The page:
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  1. Background: Myoelectric-based decoding has gained popularity in upper-limb neural-machine interfaces. Motor unit (MU) firings decomposed from surface electromyographic (EMG) signals can represent motor intent, but EMG properties at different arm configurations can change due to electrode shift and differing neuromuscular states. This study investigated whether isometric fingertip force estimation using MU firings is robust to forearm rotations from a neutral to either a fully pronated or supinated posture. Methods: We extracted MU information from high-density EMG of the extensor digitorum communis in two ways: (1) Decomposed EMG in all three postures (MU-AllPost); and (2) Decomposed EMG in neutral posture (MU-Neu), and extracted MUs (separation matrix) were applied to other postures. Populational MU firing frequency estimated forces scaled to subjects’ maximum voluntary contraction (MVC) using a regression analysis. The results were compared with the conventional EMG-amplitude method. Results: We found largely similar root-mean-square errors (RMSE) for the two MU-methods, indicating that MU decomposition was robust to postural differences. MU-methods demonstrated lower RMSE in the ring (EMG = 6.23, MU-AllPost = 5.72, MU-Neu = 5.64 %MVC) and pinky (EMG = 6.12, MU-AllPost = 4.95, MU-Neu = 5.36 %MVC) fingers, with mixed results in the middle finger (EMG = 5.47, MU-AllPost = 5.52,more »MU-Neu = 6.19% MVC). Conclusion: Our results suggest that MU firings can be extracted reliably with little influence from forearm posture, highlighting its potential as an alternative decoding scheme for robust and continuous control of assistive devices.« less
  2. Neuromuscular electrical stimulation (NMES) targeting the muscle belly is commonly used to restore muscle strength in individuals with neurological disorders. However, early onset of muscle fatigue is a major limiting factor. Transcutaneous nerve stimulation (TNS) can delay muscle fatigue compared with traditional NMES techniques. However, the recruitment of Ia afferent fibers has not be specifically targeted to maximize muscle activation through the reflex pathway, which can lead to more orderly recruitment of motor units, further delaying fatigue. This preliminary study assessed the distribution of M-wave and H-reflex of intrinsic and extrinsic finger muscles. TNS was delivered using an electrode array placed along the medial side of the upper arm. Selective electrode pairs targeted the median and ulnar nerves innervating the finger flexors. High-density electromyography (HD EMG) was utilized to quantify the spatial distribution of the elicited activation of finger intrinsic and extrinsic muscles along the hand and forearm. The spatial patterns were characterized through isolation of the M-wave and H-reflex across various stimulation levels and EMG channels. Our preliminary results showed that, by altering the stimulation amplitude, distinct M-wave and H-reflex responses were evoked across EMG channels. In addition, distinct stimulation locations appeared to result in varied levels of reflexmore »recruitment. Our findings indicate that it is possible to adjust stimulation parameters to maximize reflex activation, which can potentially facilitate physiological recruitment order of motoneurons.« less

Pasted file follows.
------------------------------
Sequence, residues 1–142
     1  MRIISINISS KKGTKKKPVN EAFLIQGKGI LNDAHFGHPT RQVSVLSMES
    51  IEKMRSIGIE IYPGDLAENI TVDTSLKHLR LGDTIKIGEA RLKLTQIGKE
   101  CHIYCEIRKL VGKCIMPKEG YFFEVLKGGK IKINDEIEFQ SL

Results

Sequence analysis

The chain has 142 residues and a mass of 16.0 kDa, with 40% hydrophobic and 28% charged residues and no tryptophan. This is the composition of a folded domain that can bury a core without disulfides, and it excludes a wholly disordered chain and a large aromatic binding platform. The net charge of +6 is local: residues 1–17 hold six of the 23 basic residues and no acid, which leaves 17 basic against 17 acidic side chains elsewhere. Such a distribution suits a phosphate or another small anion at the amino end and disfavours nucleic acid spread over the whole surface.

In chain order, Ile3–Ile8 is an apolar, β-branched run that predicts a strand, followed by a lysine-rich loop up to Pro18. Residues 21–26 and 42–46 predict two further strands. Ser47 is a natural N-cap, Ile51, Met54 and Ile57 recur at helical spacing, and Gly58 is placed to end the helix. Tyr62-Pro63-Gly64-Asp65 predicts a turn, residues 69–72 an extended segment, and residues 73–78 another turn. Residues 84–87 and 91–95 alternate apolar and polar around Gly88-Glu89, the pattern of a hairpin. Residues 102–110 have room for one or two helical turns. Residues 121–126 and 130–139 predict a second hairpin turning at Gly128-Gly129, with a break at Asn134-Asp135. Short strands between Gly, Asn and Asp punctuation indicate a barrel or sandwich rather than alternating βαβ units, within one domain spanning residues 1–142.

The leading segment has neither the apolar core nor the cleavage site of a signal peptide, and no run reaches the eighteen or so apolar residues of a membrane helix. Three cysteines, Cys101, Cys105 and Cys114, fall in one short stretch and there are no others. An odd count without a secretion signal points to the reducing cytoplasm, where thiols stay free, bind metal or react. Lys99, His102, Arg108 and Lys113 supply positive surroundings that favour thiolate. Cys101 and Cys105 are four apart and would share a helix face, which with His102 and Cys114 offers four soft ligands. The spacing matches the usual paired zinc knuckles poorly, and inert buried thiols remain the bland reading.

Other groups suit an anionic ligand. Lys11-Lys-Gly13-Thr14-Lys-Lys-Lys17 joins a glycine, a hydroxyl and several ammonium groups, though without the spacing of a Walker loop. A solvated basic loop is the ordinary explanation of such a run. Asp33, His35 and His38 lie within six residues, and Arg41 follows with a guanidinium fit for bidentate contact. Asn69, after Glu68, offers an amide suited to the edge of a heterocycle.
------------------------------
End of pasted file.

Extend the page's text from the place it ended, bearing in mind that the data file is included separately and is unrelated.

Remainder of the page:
3. Improving prosthetic hand functionality is critical in reducing abandonment rates and improving the amputee’s quality of life. Techniques such as joint force estimation and gesture recognition using myoelectric signals could enable more realistic control of the prosthetic hand. To accelerate the translation of these advanced control strategies from lab to clinic, We created a virtual prosthetic control environment that enables rich user interactions and dexterity evaluation. The virtual environment is made of two parts, namely the Unity scene for rendering and user interaction, and a Python back-end to support accurate physics simulation and communication with control algorithms. By utilizing the built-in tracking capabilities of a virtual reality headset, the user can visualize and manipulate a virtual hand without additional motion tracking setups. In the virtual environment, we demonstrate actuation of the prosthetic hand through decoded EMG signal streaming, hand tracking, and the use of a VR controller. By providing a flexible platform to investigate different control modalities, we believe that our virtual environment will allow for faster experimentation and further progress in clinical translation.